blog detail

Weed Control 101

May 4, 2016
Amanda Curry
Read Time
3 minutes

Weeds can be pesky intruders and a serious garden problem. They rob vegetable plants of sunlight, water and nutrients and provide a hiding place for insects.

Even though weeds can be maddening and a headache to deal with, there are some ways to keep them under control. However, it’s important to take action while weeds are small before they get out of control. If you are looking to get a healthier garden, and your lawn care under control, read on for our top tips.


Cultivation is the most common method of weed control. This method of lawn care is not a one-time chore. Instead, it involves continuous action, irrigating and stirring the soil after each rain.

A variety of tools are used for cultivation, but the most common types are a hoe and garden tiller. A sharpened hoe blade is great for cutting the roots of the weeds. A garden tiller is a soil-disturbing tool used to cultivate the soil and kill the weeds.

Weed Killer 

Herbicides, or weed killer, are a common choice among gardeners. While commercial vegetable growers have a wide choice of chemical weed killers, gardeners have a much smaller choice of herbicides.

It’s important to realize that not one single herbicide will control all weeds. And, some vegetables are also sensitive to herbicides. This could be an issue because if the wrong weed killer is used, the vegetable could be injured.

Before using a herbicide in your garden, read the product label for a listing of vegetables it can be used on. Also, take into considering the recommended rate of application and the method of application. Here are some of the top weed killers and how they can be used:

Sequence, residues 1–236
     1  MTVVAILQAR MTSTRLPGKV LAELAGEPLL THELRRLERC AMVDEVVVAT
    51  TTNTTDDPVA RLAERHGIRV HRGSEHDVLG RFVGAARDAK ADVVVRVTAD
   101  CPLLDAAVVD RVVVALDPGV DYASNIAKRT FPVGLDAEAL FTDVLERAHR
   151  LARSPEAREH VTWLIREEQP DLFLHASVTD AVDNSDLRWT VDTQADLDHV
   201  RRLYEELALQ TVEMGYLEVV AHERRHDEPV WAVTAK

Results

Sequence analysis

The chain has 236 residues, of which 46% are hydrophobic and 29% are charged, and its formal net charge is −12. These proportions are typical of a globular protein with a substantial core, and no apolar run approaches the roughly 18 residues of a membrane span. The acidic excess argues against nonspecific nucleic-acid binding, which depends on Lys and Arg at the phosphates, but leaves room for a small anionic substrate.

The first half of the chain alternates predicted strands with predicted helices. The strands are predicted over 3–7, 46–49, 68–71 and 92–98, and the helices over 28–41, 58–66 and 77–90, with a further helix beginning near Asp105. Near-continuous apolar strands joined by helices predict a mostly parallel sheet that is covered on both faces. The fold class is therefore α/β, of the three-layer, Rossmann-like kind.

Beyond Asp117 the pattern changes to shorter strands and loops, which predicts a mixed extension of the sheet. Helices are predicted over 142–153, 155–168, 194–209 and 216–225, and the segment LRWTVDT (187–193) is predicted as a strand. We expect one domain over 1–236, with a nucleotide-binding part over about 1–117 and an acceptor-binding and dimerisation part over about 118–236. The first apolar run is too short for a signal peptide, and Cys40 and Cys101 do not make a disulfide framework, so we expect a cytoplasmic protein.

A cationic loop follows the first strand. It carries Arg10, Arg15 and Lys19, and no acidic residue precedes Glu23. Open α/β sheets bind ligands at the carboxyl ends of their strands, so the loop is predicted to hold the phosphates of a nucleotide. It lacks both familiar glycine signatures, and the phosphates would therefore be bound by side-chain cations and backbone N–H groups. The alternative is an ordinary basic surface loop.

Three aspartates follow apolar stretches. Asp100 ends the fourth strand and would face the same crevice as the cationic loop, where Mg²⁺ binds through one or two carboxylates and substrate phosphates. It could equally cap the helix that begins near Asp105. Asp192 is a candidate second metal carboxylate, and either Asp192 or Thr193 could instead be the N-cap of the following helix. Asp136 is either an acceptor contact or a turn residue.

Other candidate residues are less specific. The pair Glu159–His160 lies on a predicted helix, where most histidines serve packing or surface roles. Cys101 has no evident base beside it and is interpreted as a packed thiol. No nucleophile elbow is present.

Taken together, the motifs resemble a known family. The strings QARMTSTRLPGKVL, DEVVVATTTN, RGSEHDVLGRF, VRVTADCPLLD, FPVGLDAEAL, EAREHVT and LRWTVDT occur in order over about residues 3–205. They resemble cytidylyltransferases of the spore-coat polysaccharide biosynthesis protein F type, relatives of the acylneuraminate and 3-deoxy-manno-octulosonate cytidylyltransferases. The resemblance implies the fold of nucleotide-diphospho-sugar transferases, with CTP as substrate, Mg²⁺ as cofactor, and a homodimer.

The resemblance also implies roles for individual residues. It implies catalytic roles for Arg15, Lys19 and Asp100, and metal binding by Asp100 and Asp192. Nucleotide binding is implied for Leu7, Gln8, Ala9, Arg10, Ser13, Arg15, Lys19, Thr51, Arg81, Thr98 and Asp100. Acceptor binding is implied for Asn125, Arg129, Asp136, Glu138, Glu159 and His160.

• Dacthal: Several brand names use Dacathal. This herbicide can be used on a wide variety of vegetable plants. It is great for controlling most grasses and a few broadleaf weeds. This specific type of herbicide controls weeds as their seeds germinate. Therefore, remember to remove existing weed plants before applying Dacthal.
  • Trifluralin: Trifluralin is a preemergence herbicide, working to prevent weeds from growing. For the most effective herbicide, mix trifluralin with garden soil. Read the package label for a list of approved vegetables to see if it will work with your garden.
  • Glyphosate: Most applications of glyphosate are for eliminating existing weed problems before vegetable seeds emerge.

Aerating: When and How 

Aerating is extremely important for lawn care. It involves perforating the soil with small holes to allow air, water, and nutrients to penetrate the grass roots. This helps roots grow deeply and strong to give you that enviable green lawn. And, it helps control weeds for a healthier lawn.

The best time to aerate is during the growing season. Ideally, you’ll want to aerate the lawn with cool season grass in the early spring or fall. If you have warm season grass, the best time to aerate is in the late spring.


Don’t give weeds the chance to see the light! Mulch works to keep the soil cool and moist, depriving weeds of light. Plus, organic mulches can host tiny organisms and crickets that actually seek out weeds and devour the weed seeds.

It’s important to replenish the mulch as needed to keep it about 2 inches deep. You can also set weeds way back by covering the soil’s surface with light-blocking sheet of cardboard or newspaper and then spread the mulch over it.

Mind the Gaps 

Close plant spacing chokes out emerging weeds by shading the soil between plants. Therefore, when designing you garden, keep plants close together, rather than widely scattered. When considering the recommended planting distance, you can usually shave off about 25% of the recommended spacing.

Water the Plants You Want 

Deprive weeds of water to get a greener, more luscious lawn. One way to do this is to place drip or soaker hoses beneath your mulch to irrigate plants while leaving nearby weeds deprived.

Depriving weeds of water can be an effective solution to reducing weed-seed germination by 50 to 70%. Keep in mind though, deeply rooted perennial weeds, like bindweed and nutsedge, could become an issue. Keep your eye on these type of weeds and kill them before they become a larger problem.

By mulching, aerating, and cultivating your soil, you can have a beautiful garden that is free of weeds. What other tips have you found effective for eliminating weeds in your garden? Leave us a comment below!